TV election debate in Germany: All candidates stand for herd immunity, mass layoffs and welfare cuts

Rarely has an election campaign been so detached from social reality as this year’s campaign for the Bundestag (federal parliament). This was underlined by the penultimate TV debate between the candidates for chancellor of the Christian Democrats (CDU), the Social Democrats (SPD) and the Greens, broadcast simultaneously on both main TV channels on Sunday evening.

The three-way debate between Olaf Scholz (SPD), Armin Laschet (CDU) and Annalena Baerbock (Greens) was held in Berlin-Adlershof on the outskirts of the capital, but it seemed like something from another world. All major social developments were blanked out, since all the parties pursue the same ruthless policies in the interests of the super-rich.

In the midst of the coronavirus pandemic, the 93,000 deaths in Germany were not even mentioned. All three candidates had previously ruled out a lockdown, which would be necessary to save hundreds of thousands of lives. Instead, they have promoted policies that place the profits of banks and corporations ahead of people’s lives.

The only issue under debate was how to increase vaccination rates, although with the spread of the Delta variant, vaccinations alone can never be sufficient to bring the pandemic under control. With the enforcement of in-person schooling, millions of unvaccinated children are left defenceless and exposed to infection so that their parents can work and generate corporate profits.

Instead of saving lives, all the parties in the Bundestag have gifted billions to the super-rich. According to data from the US business magazine Forbes, German billionaires recorded an increase in wealth of $178 billion in 2020!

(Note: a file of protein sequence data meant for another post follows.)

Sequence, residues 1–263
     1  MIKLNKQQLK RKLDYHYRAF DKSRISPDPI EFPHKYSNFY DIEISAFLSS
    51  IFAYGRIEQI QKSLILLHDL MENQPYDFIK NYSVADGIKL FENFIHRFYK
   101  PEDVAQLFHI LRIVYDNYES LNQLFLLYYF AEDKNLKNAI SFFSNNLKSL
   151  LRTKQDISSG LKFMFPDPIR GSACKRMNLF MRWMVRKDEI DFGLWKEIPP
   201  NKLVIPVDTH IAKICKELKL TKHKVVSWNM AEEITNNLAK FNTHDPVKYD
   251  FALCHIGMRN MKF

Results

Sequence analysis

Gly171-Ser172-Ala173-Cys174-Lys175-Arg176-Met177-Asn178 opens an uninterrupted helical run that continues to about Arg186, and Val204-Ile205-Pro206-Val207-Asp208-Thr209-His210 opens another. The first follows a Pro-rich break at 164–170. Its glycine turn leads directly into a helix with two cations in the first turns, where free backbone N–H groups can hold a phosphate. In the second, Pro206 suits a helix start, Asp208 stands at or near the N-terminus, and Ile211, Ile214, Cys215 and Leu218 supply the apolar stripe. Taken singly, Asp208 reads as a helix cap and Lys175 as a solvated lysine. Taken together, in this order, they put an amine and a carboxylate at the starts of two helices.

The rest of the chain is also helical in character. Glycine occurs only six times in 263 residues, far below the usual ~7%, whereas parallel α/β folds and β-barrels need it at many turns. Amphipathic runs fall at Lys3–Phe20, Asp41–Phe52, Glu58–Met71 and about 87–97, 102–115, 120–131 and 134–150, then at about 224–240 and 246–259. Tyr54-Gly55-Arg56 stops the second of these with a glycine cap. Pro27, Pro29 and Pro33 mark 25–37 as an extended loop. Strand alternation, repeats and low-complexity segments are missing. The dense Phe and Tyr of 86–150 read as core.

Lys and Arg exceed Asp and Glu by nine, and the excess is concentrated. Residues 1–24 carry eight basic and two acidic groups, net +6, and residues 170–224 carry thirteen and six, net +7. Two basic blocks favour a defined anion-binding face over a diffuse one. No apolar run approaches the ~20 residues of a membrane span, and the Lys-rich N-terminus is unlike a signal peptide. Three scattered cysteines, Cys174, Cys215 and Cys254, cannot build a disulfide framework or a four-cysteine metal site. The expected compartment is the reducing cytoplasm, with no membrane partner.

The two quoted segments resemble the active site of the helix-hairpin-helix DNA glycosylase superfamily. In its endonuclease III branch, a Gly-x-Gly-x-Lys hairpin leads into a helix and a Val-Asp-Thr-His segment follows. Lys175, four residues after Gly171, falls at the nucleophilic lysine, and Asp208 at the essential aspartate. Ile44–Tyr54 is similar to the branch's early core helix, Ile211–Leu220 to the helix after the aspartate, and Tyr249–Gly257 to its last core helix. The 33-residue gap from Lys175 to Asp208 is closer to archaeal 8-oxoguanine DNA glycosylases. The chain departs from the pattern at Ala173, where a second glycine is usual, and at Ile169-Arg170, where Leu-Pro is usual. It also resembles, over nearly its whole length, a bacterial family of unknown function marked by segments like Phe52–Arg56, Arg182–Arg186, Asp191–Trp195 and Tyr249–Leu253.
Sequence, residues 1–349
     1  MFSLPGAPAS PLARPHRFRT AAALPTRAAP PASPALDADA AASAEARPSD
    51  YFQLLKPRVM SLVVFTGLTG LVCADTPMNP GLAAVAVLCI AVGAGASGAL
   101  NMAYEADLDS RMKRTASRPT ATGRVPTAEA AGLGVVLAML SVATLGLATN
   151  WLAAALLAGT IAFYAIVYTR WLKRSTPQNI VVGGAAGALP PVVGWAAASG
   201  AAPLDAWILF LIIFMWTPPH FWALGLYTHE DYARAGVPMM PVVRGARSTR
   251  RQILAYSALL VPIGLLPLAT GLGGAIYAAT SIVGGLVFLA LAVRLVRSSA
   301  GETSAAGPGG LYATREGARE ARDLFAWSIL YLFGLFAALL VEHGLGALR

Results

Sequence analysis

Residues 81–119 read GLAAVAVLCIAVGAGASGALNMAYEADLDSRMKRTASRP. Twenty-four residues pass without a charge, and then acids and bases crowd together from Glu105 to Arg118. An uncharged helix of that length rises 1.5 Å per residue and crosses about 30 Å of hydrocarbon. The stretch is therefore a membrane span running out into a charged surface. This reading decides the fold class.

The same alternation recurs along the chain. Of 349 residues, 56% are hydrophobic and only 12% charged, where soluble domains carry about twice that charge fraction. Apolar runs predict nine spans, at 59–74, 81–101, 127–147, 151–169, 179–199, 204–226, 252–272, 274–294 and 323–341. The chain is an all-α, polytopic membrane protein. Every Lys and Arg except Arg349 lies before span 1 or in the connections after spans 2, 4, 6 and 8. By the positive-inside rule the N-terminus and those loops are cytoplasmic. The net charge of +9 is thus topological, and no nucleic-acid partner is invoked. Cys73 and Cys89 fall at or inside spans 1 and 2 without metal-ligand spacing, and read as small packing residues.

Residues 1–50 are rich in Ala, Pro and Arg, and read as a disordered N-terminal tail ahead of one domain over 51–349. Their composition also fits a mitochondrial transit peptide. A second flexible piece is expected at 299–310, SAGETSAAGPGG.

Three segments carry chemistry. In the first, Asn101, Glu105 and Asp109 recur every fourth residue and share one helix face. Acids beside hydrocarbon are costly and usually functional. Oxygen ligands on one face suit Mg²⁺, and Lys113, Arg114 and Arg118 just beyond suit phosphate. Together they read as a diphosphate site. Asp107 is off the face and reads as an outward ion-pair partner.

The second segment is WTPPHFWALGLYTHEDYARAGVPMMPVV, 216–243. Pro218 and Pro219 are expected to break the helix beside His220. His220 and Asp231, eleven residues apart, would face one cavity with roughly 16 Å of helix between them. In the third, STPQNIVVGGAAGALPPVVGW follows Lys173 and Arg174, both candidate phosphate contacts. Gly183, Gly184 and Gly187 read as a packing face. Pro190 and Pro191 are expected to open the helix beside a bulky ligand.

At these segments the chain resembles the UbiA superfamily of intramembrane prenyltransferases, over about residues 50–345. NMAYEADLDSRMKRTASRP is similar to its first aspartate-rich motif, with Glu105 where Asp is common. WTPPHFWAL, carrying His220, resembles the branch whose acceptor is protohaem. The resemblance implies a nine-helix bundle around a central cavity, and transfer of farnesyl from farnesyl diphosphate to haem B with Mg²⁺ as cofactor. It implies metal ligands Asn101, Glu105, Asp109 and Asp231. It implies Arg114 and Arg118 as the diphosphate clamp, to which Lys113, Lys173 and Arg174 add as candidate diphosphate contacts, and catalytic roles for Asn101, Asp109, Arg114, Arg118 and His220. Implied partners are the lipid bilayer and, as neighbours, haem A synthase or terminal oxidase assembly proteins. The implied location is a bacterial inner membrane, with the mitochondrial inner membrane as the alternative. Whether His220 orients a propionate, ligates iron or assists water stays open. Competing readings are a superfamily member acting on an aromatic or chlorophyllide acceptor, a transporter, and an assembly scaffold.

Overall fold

A recent analysis by Oxfam found that the world’s 2,690 billionaires would still be $55 billion richer than they were at the start of the pandemic even if they gave away 99 percent of their 2020 profits on a one-time basis. This money, according to Oxfam, would be enough to pay for the vaccination of every single person on the planet and, in addition, transfer 17,000 euros to every one of the world’s unemployed.

In light of these figures, the staged dispute during the debate over tax increases could hardly be surpassed in absurdity. While Laschet categorically ruled out any tax increase, Scholz advocated raising the top tax rate for very high incomes by just 3 percent.

The last SPD-led government, headed by Gerhard Schröder, had cut the top tax rate by 11 percentage points. At the time, Scholz, as SPD secretary-general, played a leading role in implementing Schröder’s “Agenda 2010,” which, in addition to tax cuts and pension reductions, promoted the creation of a huge low-wage sector.

By refusing to tax the rich, all three parties participating in the debate made it unmistakably clear that they would far eclipse this policy and squeeze the hundreds of billions transferred to the corporations and the super-rich out of the working class.

That is why the mass layoffs in industry were not mentioned at all. What is already being pushed through at Opel, Continental and Daimler will reach completely new dimensions after the elections. In the auto industry alone, 500,000 jobs are up for grabs. The same workers, who were forced into completely unsafe workplaces under pandemic conditions, are now to be put out on the street.

In this general attack on the working class, the employers and stock owners can rely on the new federal government, regardless the new chancellor’s party affiliation.

This is evident in the current train drivers’ strike, which also received no mention. The federal government is trying to make an example here. The train drivers are to pay for the crisis with real wage losses and, at the same time, be subjected to the control of the main trade unions in order to suppress any resistance. This is to be extended to the entire working class after the elections. But all these issues were carefully sidestepped in the debate.